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Q&A with Neal Roese: Dealing with credit card debt

Offain Gunasekara
April 18, 2018
dealing with credit card debt

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If you’re dealing with credit card debt, and paying high interest on it, you’re certainly in good company.

The average American has a credit card balance of $6,375, up nearly 3% from last year, according to Experian’s annual study on the state of credit and debt in America.

And Americans are only piling more on. Total credit card debt surpassed $1 trillion in 2017, its highest point ever, according to a report by the Federal Reserve.

To get a better take on the psychology of judgment and decision-making behind credit card debt, and a look at how consumers can get a handle on it, we turned to Neal Roese, the John L. and Helen Kellogg professor of marketing at the Kellogg School of Management at Northwestern University.

Dealing with credit card debt? Here’s some sound advice from Neal Roese:

Q1: Credit card debt has jumped to its highest level on record. Are Americans biting off more than they chew or is this part of a growing and more confident economy?

A1:
 There is a bit of both, split among the haves and have-nots in our society. For the higher tier of earners, income has rising and credit card companies have smartly tailored their reward packages with clearly branded cards (for example the Chase Sapphire line of cards) to attract more affluent and confident consumers.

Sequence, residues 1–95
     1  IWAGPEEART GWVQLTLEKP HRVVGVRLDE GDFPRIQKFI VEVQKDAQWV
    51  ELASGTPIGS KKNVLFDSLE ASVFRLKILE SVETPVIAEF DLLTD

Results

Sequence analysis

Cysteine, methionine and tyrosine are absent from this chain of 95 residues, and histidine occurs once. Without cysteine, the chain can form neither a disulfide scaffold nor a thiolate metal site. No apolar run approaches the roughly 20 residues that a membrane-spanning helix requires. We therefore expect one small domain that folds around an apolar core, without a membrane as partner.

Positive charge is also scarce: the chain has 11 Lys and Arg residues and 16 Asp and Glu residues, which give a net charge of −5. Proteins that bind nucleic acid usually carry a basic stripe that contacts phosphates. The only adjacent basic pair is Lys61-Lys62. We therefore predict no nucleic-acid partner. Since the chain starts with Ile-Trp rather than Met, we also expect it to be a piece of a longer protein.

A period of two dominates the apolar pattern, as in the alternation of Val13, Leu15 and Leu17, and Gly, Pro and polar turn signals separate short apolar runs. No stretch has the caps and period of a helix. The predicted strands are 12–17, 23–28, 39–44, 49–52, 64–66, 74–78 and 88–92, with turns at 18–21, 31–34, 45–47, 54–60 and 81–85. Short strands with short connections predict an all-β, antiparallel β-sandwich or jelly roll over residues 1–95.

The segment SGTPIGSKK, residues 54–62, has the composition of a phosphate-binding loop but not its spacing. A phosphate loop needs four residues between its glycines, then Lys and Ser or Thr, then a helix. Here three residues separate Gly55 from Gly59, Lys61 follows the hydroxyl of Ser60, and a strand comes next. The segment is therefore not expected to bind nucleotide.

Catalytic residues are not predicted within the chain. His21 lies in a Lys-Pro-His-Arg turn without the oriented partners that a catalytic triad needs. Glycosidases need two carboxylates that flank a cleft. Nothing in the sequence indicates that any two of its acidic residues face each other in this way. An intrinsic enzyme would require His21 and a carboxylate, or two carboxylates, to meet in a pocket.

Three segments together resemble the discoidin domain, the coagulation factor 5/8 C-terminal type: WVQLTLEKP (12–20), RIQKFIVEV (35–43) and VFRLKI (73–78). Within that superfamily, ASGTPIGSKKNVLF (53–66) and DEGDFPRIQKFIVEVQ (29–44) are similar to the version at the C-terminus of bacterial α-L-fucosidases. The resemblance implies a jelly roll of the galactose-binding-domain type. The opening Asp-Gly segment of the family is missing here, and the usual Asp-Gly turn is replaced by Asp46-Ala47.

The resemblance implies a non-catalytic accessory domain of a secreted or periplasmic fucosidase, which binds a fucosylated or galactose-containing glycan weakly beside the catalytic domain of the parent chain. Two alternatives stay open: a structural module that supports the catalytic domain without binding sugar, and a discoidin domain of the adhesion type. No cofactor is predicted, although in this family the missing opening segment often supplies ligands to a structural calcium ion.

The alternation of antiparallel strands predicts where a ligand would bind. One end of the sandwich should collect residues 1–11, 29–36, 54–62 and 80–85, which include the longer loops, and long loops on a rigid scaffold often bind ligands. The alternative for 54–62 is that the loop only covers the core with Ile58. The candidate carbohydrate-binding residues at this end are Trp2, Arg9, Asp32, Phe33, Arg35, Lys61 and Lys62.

But for the lower tier of earners, credit cards are still relatively easy to get, and this can be a ready source of credit that can make weekly survival easier, even if the long term debt might be the result. Young people are especially at risk of misestimating the long-term consequences of overspending on credit cards.

Q2: If people are finding themselves in over their heads, what is the best way to manage and pay down credit card debt?

A2:
For starters, it helps always to see the big picture, so keep a continually updated list of debts along with the total debt. With the big picture in mind, consumer should set smaller, easily reached goals rather than big goals.

For example, if you have several credit cards with debt, set the goal of paying off the smallest balance as soon as possible. This is because most people feel invigorated by accomplishing a goal, and it makes them more likely to continue in the face of bigger goals.

Q3: The economy is growing, and confidence is climbing, but so are interest rates. How should Americans prepare themselves financially as rates increase?

A3:
The best advice is to keep your eye on the ball in terms of interest rates. Across the board interest rates are going to rise, but there will always be variability across specific forms of credit. Most people know that from payday loans to credit cards to home equity lines of credit, we have a progression from high to low interest rates, but at the same time a low to high expectation of the consumer’s credit rating as the barrier to entry.

But beyond that, there is still lots of variability within each form of credit, especially across credit card products. And so it pays to keep an eye out for an alternative credit card offering lower interest rates.

We’d like to thank Neal Roese for his thoughtful insights. We appreciate you taking the time to chat with us.

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